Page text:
What you’re seeing is the, sadly, expected behavior when indenting normal text: red color stands for code. I have the same issue with my Roam imports, of which half are showing code snippets where none were entered. It would be really helpful to switch code insertion off, if “tab indenting” is switched on in the editor settings. That way the programmers get their part and the writers and outliners as well.
Indeed. Roam’s indentation isn’t copacetic with Markdown’s indentation for code syntax, and Markdown is rather picky about arbitrary indentation.
You may want to mass find-and-replace your tabs with more appropriate structures. I believe I did something similar when I imported some Roam notes a long time ago. Use an app with mass find and replace (e.g., VSCode) that recognizes Regex, and e.g., replace all sets of three tabs (\t\t\t, I think; try testing on regexr.com first) with e.g., \t\t- , then \t\t with \t- , then \t with - , etc.
YMMV—be sure to experiment with a subset of notes and make backups before you do this kind of massive editing.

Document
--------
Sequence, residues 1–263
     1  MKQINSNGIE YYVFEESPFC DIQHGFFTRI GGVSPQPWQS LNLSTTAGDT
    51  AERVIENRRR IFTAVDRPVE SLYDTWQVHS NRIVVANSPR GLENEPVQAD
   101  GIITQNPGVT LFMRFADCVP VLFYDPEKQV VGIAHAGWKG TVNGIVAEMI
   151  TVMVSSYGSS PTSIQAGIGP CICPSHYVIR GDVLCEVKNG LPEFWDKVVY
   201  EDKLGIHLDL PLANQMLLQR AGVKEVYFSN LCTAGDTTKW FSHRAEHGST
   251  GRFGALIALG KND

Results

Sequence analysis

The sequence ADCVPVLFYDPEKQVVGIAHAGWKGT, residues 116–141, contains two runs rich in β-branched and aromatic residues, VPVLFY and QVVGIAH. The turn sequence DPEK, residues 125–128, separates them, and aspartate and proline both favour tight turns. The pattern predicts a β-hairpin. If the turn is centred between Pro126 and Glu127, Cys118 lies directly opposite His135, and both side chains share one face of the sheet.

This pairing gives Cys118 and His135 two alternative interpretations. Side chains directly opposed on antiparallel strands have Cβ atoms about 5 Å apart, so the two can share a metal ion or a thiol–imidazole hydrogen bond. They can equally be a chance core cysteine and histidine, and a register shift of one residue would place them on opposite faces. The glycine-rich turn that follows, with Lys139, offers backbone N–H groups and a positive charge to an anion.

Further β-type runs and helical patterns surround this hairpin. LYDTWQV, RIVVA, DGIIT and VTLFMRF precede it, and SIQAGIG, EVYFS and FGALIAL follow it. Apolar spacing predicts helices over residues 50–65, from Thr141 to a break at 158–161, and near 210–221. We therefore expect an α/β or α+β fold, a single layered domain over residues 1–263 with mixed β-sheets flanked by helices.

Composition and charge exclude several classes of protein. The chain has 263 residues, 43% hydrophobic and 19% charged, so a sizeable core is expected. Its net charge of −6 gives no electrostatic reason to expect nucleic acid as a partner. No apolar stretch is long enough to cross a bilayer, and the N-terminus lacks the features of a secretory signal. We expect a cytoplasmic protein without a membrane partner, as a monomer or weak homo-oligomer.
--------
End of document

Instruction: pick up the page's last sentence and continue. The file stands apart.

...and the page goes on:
As for Roam importing, feel free to create a feature request to add a “Convert tabs” to the importer plugin.
Oh, okay. So it’s just a misunderstanding from my side. My bad.
I guess it will take some time to get used to this program. Seems really good but some things are not as intuitive as they are in Roam.
Thank you for replies and suggestions!
No worries. To be clear, Roam uses markdown-like syntax but a lot of things are not quite standard. Markdown’s a well-accepted way of writing these days but if you’re coming from Roam, you’re likely to be confused by the way it’s conventionally done. The syntaxes used in Obsidian are pretty universal, though, and work in e.g., DEVONthink, iA Writer, Typora, 1Writer, GitJournal, etc. etc.
Hi, my first comment here, so trying to be as humble as I can (started using Obsidian yesterday and I feel like a kid exploring it). @ryanjamurphy Could you explain why Markdown behaves this way in Obsidian (as a convention)? I have used markdown for about 5 years, with multiple markdown-editors, and have never experiences this before. Not that I see a reason to (arbitrarily) indent the first line, so its not a problem. Im just really curious why I haven’t seen this happen before. Im not able to recreate it in any of my other editors.
Sorry, I was unclear. Im only referring to the original comment; that “tabbing” the first line of text turns it into an indented code-block. I was wondering why this is a-feature-and-not-a-bug; why Markdown is made to do this.